IRON FIST #4
Writer: Ed Brisson
Penciller: Mike Perkins
Colorist: Andy Troy
Letterer: VC’s Travis Lanham
Release Date: 6/7/17
Iron Fist by Ed Brisson continues to draw on the lore previously laid down by Ed Brubaker during the Immortal Iron Fist. While they’re clearly trying to use that lore as base for where they want to go with the character, they were very careful in the letter section to tell a fan that they’re leaving the door open for Brubaker to come back and finish what he started. In other words, this project is very much meant to remind you of the Immortal Iron Fist, but it’s not going to wrap anything up from that chapter of Danny Rand’s life.
This deference is both incredibly classy on the part of Brisson, but it’s also very exciting for fans of the Brubaker and Matt Fraction run, which many feel is the definitive run of the Iron Fist. This isn’t just about using Immortal Iron Fist as a launching pad, it’s about creating a legacy that Brisson can call his own. The stylings are similar, but make no mistake, Brisson is very much the architect of his own house.
Plot: Lost deep within Liu-Shi, formed by exiles of K’un-Lun during the reign of the tyrannical Yu-Ti, Danny Rand is competing in a tournament with the best warrior each of the seven factions put forth, one per faction. The seven factions of the Liu-Shi were modeled after the Seven Capital Cities of Heaven, Brubaker says hello. Jokes aside, this is where I say that Brisson borrows from a defining Iron Fist run, but he very much creates the character and challenges he will face in his own image, so back to Liu-Shi.
Should Liu-Shi be successful in their attempt at killing Iron Fist, Rand would forfeit the crown to his conqueror, who would then use it to march right back into the Capital City of Heaven. After receiving care from a good samaritan, said samaritan soon enough reveals that he is the next challenge for Rand, he only sought to fight the true Iron Fist, not some poisoned and run-down version of K’un-Lun’s greatest champion. Even within the attempt at an invasion, there is still honor among combatants.
Story: Brisson is, no doubt, doing a tightrope walking act. The reader knows he’s pulling much of his source material from the Brubaker/Fraction run of Iron Fist, but the reader also has to find a reason to keep coming back. The best way for Brisson to accomplish that is by creating and crafting a narrative that gives the reader a familiar vibe, but creates and crafts a new story. Something adjacent to what we know, but still very new.
To couch Brisson’s work on Iron Fist in a different setting for the sake of comparison, think of it like a video game. Assassin’s Creed and Grand Theft Auto are perfect examples of this concept in action. Each game must be different from the last, giving the player a totally new experience, but developers cannot stray too far from concepts, gameplay, and storylines that players know and love. There have been times when massive overhauls have brought about an increased interest, but it often works in reverse. Brisson knows what works with the Iron Fist and he’s staying true to that particular National Park, but the path he’s taking us down with this version of Danny Rand is much different than authors of the past. He’s created a solid start in the first four books, it will be a pleasure to see what the future brings if sales figures don’t kill it off.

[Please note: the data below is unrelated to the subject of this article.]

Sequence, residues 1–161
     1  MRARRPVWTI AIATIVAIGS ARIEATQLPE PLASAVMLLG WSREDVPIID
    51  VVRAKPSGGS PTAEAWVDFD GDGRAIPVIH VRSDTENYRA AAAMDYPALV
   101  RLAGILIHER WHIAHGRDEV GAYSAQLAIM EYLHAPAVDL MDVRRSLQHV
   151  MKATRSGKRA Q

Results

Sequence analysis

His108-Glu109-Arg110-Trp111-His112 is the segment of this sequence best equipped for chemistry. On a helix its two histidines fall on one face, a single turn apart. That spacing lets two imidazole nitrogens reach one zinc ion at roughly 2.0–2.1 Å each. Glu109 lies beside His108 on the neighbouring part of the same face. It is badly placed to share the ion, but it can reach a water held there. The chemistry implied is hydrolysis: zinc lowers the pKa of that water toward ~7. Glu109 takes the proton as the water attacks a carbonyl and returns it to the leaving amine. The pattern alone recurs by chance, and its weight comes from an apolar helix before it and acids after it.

DISCLAIMER: To be clear, I haven’t heard or even seen any speculation that this series will be cancelled, has bad numbers, or isn’t selling well. I only bring up that fate because it seems pretty clear out of the gate that the writing and art won’t be the reason it fails.
Art: I bet Iron Fist is an absolute pain in the ass to draw. Not only do you have to know and use real terminology from time to time with regard to the martial art, but Iron Fist is a high-impact fighter and is always two steps ahead of his opponents. Mike Perkins and Andy Troy make it look effortless. Rand looks a bit grittier, which I rather enjoy. The shadowing and overall gruff look — you know, the one that consumes his face the vast majority of the time — Perkins and Troy gave Iron Fist go well with the tone and setting of the book.
Even their flashbacks are detailed, showing the reader a glimpse of a past most cannot comprehend. These books feel primal. That’s not to say they won’t be layered or complex, it’s just that they have a very primal feel to them. The art, the writing, the language used, it’s all very bloodthirsty, archaic, and appeals to the base instincts. It’s very much like Gladiator meeting Street Fighter, but with gorgeous artwork to match.
Verdict: Iron Fist is rapidly becoming one of my favorite books to read. I read the Immortal Iron Fist run after it had ended, but I couldn’t find a reason why it should’ve been cancelled. This feels like a soft-reboot of that series and it also stands alone apart from all the other crap going on in the Marvel Universe. Rand is a thousand miles from nowhere and time doesn’t matter to him, only survival. May Brisson be given the space and time to tell us some amazing stories with this character. He’s crushing it at the moment and I don’t expect Brisson to let up until he’s told to put the pen down.. — JW
Rating: 4.75/5 Stars